Starbucks is launching a reusable coffee cup trial at its Gatwick Airport branch, in partnership with the environmental charity Hubbub. The trial will provide customers at Starbucks with the option to borrow a free reusable cup which they can drop off at a designated point before boarding their flight. The aim is to put 2,000 reusable Starbucks cups in circulation in the south terminal in an attempt to cut waste and tackle the "throwaway" culture. Last year Starbucks became the first UK coffee chain to introduce a 5p charge on paper cups to encourage reuse. Trewin Restorick, chief executive and co-founder of Hubbub, said: "We want to find out whether people will get on board with reusing cups if we make it easy and convenient. The airport is the ideal environment to trial a reusable cup scheme as it has the potential to reduce large volumes of paper cup waste."
Royal Mail rolls out digital missing people alerts
Charity Missing People has partnered with Royal Mail to deliver "missing people alerts" via postal workers' handheld digital devices. Since the initiative was launched, 120,000 postal workers in the UK have received alerts that a missing person could be in their area and Royal Mail’s Director of Public Affairs & Policy, David Gold, said: "Families waiting for news have told us how much of a comfort and encouragement it is to know that postal workers are helping in the search for their loved ones."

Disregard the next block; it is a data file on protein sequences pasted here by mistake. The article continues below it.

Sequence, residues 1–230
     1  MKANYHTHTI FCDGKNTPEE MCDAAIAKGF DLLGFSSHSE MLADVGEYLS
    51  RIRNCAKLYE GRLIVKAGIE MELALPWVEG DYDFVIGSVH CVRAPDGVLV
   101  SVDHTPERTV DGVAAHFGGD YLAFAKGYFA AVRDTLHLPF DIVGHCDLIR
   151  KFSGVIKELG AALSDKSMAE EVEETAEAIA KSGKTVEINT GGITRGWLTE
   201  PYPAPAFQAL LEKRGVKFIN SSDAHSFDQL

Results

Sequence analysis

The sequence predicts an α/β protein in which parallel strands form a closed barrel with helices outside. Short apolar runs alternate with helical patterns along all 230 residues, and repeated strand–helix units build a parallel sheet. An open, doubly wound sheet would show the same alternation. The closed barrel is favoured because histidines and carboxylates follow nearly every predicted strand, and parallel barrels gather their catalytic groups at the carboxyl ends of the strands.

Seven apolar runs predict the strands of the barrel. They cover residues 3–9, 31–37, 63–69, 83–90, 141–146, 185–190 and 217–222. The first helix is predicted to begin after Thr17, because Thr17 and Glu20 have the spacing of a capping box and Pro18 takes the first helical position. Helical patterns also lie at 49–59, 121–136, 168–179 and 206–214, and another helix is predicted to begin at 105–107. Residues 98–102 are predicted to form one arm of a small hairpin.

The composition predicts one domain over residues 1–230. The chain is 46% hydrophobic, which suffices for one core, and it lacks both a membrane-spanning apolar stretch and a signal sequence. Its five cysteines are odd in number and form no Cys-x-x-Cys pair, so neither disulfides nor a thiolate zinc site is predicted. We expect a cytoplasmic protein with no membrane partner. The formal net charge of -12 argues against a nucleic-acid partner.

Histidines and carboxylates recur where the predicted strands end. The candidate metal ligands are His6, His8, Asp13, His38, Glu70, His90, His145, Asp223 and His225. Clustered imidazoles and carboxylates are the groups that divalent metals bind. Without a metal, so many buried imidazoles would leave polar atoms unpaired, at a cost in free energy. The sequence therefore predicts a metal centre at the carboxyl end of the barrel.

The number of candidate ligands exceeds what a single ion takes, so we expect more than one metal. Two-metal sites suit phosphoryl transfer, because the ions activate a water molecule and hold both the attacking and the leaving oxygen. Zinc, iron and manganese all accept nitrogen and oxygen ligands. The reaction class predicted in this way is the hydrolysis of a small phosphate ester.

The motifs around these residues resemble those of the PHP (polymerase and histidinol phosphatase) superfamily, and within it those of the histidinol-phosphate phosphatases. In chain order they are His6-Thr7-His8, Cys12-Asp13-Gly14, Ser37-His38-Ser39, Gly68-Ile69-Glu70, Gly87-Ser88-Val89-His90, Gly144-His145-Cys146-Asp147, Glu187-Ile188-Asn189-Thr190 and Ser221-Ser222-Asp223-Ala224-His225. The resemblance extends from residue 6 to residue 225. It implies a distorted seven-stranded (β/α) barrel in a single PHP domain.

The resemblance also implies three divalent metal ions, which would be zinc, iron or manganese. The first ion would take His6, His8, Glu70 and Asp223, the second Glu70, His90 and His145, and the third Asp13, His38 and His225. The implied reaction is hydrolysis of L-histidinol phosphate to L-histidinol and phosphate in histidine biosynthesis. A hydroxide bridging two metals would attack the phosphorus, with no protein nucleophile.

Young carers miss out on education
Half of young carers drop out of education, a new study by Barnardo's has revealed. Of the country's estimated 800,000 carers under 17, 10% say the pressure of looking after loved ones meant they had to quit secondary school. A quarter said that their role stopped them going to university while a further 15% said being a carer led to them dropping out of further or higher education. Some 67% said the role made them feel tired in lessons; 73% took time off learning, while a third missed school most weeks. Emma James from Barnardo's said: "These are forgotten children who are being isolated from their peers as they struggle with school and their own mental health."
Nurseries in deprived areas 'face closure over funding gap'